California is arguably one of the most desirable places in the entire world to live. Often the Californian will crow, “Where else can you snow-ski and water-ski in the same day?” Although quite a trick even in California, it is not an idle boast. It can be done. However, the more day-to-day manifestations of our mild climate are far more impressive. Today, New Years Day, we managed and absolutely balmy, sunny, 67 degrees in the Sacramento area.
A winter storm passed through about a week ago. It was cold, rainy and windy. The stormed dumped a couple of feet of new snow in the Sierras, just a short drive to the east. It was the second storm to come in rapid succession. Around here, they say the “storm door” is open. However, the past two or three days have been dry and today the wind was insignificant; the sun’s warmth burned off the fog and won the day.
It was a perfect day for a ride! After ringing in the New Year last night, coming home at about 1 a.m. only to write for two more hours, I didn’t think I’d be up for it. Apparently my “Harley sense” knew better. I was up at 8 a.m., getting the bike ready and my camera gear packed. It looked cold and the fog appeared persistent, but I knew that we would at least be riding up above the fog - and I can dress for the cold.
I met my friends, Art and Steve, at Art’s house and we rode to meet the rest of the Sacramento contingent at California Burgers in Roseville. From there we rode up Interstate 80 to Starbucks in Auburn where we met up with our Auburn friends, some more from Sacramento, and the Grass Valley posse. By the time we had all gathered, there were about fifty of us – a thundering herd of American Iron… pure V-Twin power. The fog was gone and the chill had subsided. Our route was a short one, but scenic and serene as could be.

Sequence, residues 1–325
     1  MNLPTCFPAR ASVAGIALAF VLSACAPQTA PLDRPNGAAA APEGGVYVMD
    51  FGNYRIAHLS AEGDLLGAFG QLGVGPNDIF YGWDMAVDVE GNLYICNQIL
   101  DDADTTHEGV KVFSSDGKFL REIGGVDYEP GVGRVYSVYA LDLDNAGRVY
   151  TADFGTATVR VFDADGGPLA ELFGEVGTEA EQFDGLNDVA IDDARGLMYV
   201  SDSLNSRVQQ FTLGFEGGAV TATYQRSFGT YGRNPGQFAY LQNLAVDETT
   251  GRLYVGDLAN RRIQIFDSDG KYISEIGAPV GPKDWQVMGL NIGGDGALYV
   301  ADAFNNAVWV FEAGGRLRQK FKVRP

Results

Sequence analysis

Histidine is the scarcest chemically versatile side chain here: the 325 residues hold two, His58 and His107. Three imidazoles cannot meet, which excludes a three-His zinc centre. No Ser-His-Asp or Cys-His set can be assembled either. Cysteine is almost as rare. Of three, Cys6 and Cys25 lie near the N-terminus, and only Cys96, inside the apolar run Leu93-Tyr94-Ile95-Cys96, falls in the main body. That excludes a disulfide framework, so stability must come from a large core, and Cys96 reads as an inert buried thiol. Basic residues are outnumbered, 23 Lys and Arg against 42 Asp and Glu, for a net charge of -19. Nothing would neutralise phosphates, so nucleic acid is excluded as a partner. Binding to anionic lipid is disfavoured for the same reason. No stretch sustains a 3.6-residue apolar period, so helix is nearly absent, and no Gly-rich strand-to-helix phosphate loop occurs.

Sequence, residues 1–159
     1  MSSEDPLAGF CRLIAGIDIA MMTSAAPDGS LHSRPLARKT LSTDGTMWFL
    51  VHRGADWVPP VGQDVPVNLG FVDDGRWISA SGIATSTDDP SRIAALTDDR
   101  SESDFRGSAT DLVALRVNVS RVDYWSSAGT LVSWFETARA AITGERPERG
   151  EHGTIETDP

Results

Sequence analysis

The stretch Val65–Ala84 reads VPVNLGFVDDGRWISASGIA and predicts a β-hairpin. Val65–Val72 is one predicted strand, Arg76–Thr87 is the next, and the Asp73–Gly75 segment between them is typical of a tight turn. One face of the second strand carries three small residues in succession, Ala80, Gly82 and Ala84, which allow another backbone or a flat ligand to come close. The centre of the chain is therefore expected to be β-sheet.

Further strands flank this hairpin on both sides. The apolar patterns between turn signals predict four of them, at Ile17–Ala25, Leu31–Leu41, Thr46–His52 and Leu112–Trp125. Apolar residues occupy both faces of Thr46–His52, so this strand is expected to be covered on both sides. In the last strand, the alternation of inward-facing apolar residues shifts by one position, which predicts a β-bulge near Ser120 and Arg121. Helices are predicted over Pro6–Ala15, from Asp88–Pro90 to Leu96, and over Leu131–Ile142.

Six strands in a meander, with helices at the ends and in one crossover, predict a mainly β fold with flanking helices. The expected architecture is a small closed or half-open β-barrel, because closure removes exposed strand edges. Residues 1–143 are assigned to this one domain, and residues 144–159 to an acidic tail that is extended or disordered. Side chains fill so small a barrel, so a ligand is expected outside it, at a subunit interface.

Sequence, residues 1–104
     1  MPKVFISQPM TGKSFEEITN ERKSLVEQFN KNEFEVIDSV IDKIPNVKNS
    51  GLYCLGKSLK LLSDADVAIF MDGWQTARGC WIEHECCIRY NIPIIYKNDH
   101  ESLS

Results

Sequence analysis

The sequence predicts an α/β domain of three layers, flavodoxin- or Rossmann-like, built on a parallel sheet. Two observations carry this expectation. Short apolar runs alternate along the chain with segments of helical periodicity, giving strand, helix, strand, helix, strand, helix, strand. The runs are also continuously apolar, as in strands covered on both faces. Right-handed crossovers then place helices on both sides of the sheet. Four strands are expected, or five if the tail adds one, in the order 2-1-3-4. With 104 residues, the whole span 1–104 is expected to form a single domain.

We headed south on Route 49, across the North Fork of the American River and up the other side of the canyon. Turning right on Salmon Falls Road, we made the final 20 miles of the ride on a two-lane, winding, mountain road - across the South Fork of the American River and into Old Folsom. We filled the parking lot at Hacienda’s where we ate lunch while basking in the sun’s warmth on the deck, watching the world go by. By the time lunch was over, we were shedding layers before heading our separate ways – some up to Placerville for coffee before heading back to points north, and home. Others went back toward Sacramento to whatever activities they had planned for the rest of their day.
I was among those headed for our Sacramento homes – for I did indeed have a plan for the rest of the afternoon. After making the two-mile or so ride from Folsom, back across the American River (below the Folsom Dam, all forks now converged) to my home in Fair Oaks, I parked my bike in front of my house (usually it goes right into the garage) and stripped off various leather components as I made my way to the couch. Remote in hand, head on the armrest, I proceeded to take a much-deserved nap – there was nothing else to do.